If a woman is pregnant and both parents have beta thalassemia trait, doctors can
check the fetus by:
Treatment depends on what kind of beta thalassemia someone has.
Kids with beta thalassemia trait usually don't need treatment.
Children and adults with beta thalassemia major need lifelong medical care that
regular blood transfusions about every 2-4 weeks
medicines to remove extra iron from their bodies (called chelation)
People with beta thalassemia intermedia may need blood transfusions and chelation
(key-LAY-shun) but not as often as people with beta thalassemia major.
Blood transfusions and chelation do not cure beta thalassemia. A stem
cell transplant can cure it, but it is a serious procedure with many risks and
won't benefit everyone with the condition. Doctors and scientist are working on developing
gene therapies and other
treatments to help people with beta thalassemia.
How Can Parents Help Kids With Beta Thalassemia Trait?
A child who has beta thalassemia trait doesn't need any special care. Your child
may want to talk to a genetic counselor someday to understand how beta thalassemia
runs in families.
Be sure to tell all health care providers that your child has beta thalassemia
trait. This way, when the mild anemia shows up on blood tests, the providers will
know the cause.
How Can Parents Help Kids With Beta Thalassemia Intermedia or Major?
Children with beta thalassemia intermedia or major need lifelong medical care.
With regular health care, kids with beta thalassemia intermedia and major can live
well into their 50s. The best way for your child to live his or her healthiest life
is to get regular medical care, which includes transfusions and chelation.
It is important to establish a health care team for your child. If you live near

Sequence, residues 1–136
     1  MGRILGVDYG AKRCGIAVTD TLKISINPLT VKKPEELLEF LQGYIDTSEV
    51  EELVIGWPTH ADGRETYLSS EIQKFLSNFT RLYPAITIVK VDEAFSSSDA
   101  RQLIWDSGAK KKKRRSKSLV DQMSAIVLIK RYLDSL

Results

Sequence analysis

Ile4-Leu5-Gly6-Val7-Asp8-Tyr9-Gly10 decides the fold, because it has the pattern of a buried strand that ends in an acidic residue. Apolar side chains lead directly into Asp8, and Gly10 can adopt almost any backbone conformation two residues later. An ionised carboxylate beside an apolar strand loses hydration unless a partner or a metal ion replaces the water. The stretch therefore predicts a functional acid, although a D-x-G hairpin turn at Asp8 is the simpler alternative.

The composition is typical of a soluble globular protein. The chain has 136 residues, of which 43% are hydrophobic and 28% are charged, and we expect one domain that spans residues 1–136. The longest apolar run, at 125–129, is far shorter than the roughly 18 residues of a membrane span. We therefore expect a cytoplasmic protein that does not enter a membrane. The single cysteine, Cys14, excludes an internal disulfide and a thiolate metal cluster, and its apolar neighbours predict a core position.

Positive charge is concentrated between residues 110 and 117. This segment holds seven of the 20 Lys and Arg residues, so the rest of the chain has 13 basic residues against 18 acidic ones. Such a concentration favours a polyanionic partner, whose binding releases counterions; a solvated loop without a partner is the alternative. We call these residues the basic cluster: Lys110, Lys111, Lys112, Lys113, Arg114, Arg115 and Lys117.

a Thalassemia Treatment Center, the center will help you put the
team together. The team should include:
a hematologist (a doctor who specializes in blood disorders)
doctors to treat problems from iron overload, including:
(a doctor who specializes in organs that make hormones)
a gastrointestinal doctor (a doctor who specializes in the digestive tract)
an infectious disease doctor to help treat any infections
a dietitian to help with meal planning and any vitamin supplements that are needed
a primary care doctor to help with routine care
a case manager (a nurse or other provider who coordinates your child's medical
a social worker to help with insurance information and your child's schooling,
and to support you, your child, and your family
a psychologist to help caregivers and your child cope with thalassemia
What Else Should I Know?
If your child has beta thalassemia intermedia or beta thalassemia major, it can
be a challenge for your family to manage the medical care and the thoughts and feelings
that come with the illness. It can help to:
Find support through:
your child's care team, especially the social worker or psychologist
other families who have a child with beta thalassemia
friends and family
Help your child see the opportunities he or she has, not the limitations.
Manage your own stress level by taking care of yourself and doing things that
Include siblings of the child with thalassemia. Show them that they can have a
role, such as keeping their sibling company during transfusions or just being there
You also can learn more about beta thalassemia online at: